Mercenaries Working for U.S. Casually Kill Baghdad Taxi Driver
An Iraqi taxi driver was shot and killed Saturday by a guard with DynCorp International, a private security company hired to protect US diplomats, when a DynCorp convoy rolled past a knot of traffic on an exit ramp here, the Iraqi Interior Ministry said yesterday. more stories like this
Three eyewitnesses said the taxi had posed no threat to the convoy, and one of them, an Iraqi army sergeant who inspected the car afterward, said it contained no weaponry or explosive devices.
"They just killed a man and drove away," Major General Abdul-Karim Khalaf, an Interior Ministry spokesman, said yesterday.
He added later, "We have opened an investigation, and we have contacted the company and told them about our accusations, and we are still waiting for their response."
It was the latest in a series of what the Iraqi government has said are unprovoked shootings in Baghdad by security firms hired by the State Department or contractors affiliated with it.
On Sept. 16, guards with another of those firms, Blackwater, opened fire near Saturday's shooting, killing 17 Iraqi civilians and wounding at least 24, according to Iraqi investigators.
The Iraqi government has accused Blackwater of involvement in at least six questionable shootings in Baghdad since September 2006. DynCorp has not drawn the same scrutiny, though it is unclear whether it has been involved in any other episodes in which Iraqis have been killed.
The shootings have stoked outrage among Iraqis, driven efforts to hold private security firms legally accountable for their actions in both the United States and Iraq, and created new challenges for US officials already constrained to doing much of their business within Baghdad's protected Green Zone.
Senior officials from the Pentagon and the State Department were due to arrive in Baghdad yesterday to arrange new measures to tighten control over security firms and coordinate their movements more closely with the US military.
As in several previous shootings involving security firms affiliated with the State Department, witnesses to Saturday's shooting said they saw no reason for the guards to open fire on the car, a white Hyundai with a taxi sign on the roof, driven by Mohamad Khalil Khudair, 40.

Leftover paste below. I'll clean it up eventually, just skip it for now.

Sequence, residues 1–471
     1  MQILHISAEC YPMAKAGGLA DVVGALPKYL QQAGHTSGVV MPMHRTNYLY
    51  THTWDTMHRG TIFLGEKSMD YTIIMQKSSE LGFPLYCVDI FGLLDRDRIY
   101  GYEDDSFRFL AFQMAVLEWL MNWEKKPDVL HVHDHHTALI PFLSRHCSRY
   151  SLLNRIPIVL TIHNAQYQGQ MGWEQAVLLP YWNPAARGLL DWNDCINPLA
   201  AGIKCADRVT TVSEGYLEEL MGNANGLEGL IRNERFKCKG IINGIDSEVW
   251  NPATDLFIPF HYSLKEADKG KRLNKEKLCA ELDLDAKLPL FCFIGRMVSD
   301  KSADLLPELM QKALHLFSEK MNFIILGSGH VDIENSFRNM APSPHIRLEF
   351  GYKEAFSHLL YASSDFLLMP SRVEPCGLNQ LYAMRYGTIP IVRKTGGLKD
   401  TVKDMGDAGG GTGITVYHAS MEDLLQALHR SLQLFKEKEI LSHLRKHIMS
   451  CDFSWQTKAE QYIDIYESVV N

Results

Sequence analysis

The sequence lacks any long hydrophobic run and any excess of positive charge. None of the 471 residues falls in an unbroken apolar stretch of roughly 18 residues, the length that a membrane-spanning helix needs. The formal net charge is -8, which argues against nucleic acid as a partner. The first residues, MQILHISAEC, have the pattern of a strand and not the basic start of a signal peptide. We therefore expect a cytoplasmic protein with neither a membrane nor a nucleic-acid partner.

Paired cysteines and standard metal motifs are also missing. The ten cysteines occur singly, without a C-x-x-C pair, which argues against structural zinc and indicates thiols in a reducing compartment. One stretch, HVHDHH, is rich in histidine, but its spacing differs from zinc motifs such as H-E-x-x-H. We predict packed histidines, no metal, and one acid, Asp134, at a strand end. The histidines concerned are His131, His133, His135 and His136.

"The poor cabdriver was stopped here," said one of the witnesses, Raafat Jassim, 36, who said he was standing outside a barbershop near the exit ramp at the time. "He had his hazard lights flashing and the convoy was a long way away from him," Jassim said, pointing to a spot about 50 yards down the ramp, which comes off a bridge over the Tigris River in a neighborhood called Utafiya.
An official at the local police headquarters said that the victim's brother had insisted on pressing charges against the company and that as a result, the case had been referred to an Iraqi judge.
But legal loopholes and immunities in Iraqi and US law have raised questions about whether private security firms operating in this country can be called to account in any court.
Also yesterday, Prime Minister Nouri al-Maliki of Iraq prodded US officials to hand over three former aides of Saddam Hussein who have been condemned for their role in a campaign that killed as many as 180,000 Kurds.
Several members of the government, including prominent Shi'ites, have urged leniency for Saddam Hussein's former minister of defense, Sultan Hashim Ahmad Jabburi Tai. They say he had been in contact with the country's political opposition before the 2003 war that toppled Hussein.
Hussein's Anfal campaign killed as many as 180,000 Kurds during the 1980s. Tai was condemned in June along with Ali Hassan al-Majid, Hussein's first cousin who is known as "Chemical Ali" for his role in the poison-gas killings of the Kurds, and Hussein Rashid Mohammed, the former deputy head of army operations.
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